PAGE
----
Nepenthes abgracilis
Nepenthes abgracilis botanical illustration.jpg
Botanical illustration of N. abgracilis from Cheek and Jebb's type description
Scientific classification edit
Kingdom: Plantae
Clade: Tracheophytes
Clade: Angiosperms
Clade: Eudicots
Order: Caryophyllales
Family: Nepenthaceae
Genus: Nepenthes
N. abgracilis
Binomial name
Nepenthes abgracilis
Jebb & Cheek (2013)[1]

Nepenthes abgracilis is a tropical pitcher plant native to the Philippines. It is known only from northeastern Mindanao, including Mount Legaspi. Little is known about the altitudinal distribution of this species, but the holotype was collected at 670 m.[1]

This species belongs to the informal "N. micramphora group", which also includes N. cid from north-central Mindanao and N. micramphora from southeastern Mindanao.[1]

The specific epithet abgracilis means "from gracilis" and refers to Elmer Drew Merrill's early identification of a herbarium specimen of this species as N. gracilis.[1]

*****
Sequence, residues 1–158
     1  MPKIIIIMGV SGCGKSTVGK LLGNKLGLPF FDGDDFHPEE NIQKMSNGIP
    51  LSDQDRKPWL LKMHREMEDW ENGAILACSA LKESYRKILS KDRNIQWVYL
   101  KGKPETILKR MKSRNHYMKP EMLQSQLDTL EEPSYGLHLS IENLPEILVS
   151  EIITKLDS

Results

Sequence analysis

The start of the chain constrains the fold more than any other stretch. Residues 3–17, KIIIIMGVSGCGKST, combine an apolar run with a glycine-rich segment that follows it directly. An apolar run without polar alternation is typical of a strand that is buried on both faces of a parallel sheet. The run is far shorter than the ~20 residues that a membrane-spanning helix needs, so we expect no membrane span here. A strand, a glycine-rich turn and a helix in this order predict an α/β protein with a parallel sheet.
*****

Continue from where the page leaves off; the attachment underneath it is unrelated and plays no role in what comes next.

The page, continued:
Botanical history

Field observations

Habitat photographs of a taxon matching the description of N. abgracilis appeared in a 2008 issue of the German-language periodical, Das Taublatt,[2] and in the second volume of Stewart McPherson's 2009 work, Pitcher Plants of the Old World.[3] In both it was identified as a variant of N. alata[1] (at the time considered a highly variable and widespread species, but which has since been split into a number of daughter taxa).[4][5]

Formal description

Nepenthes abgracilis was formally described by botanists Martin Cheek and Matthew Jebb in the e-published[6] 6 December 2013 issue of Phytotaxa.[1] In the same paper Cheek and Jebb introduced the "N. micramphora group", to which N. abgracilis was assigned, and described a third member of this group, N. cid.[1]Nepenthes abgracilis was one of 12 new Nepenthes species described by Cheek and Jebb in 2013.[7]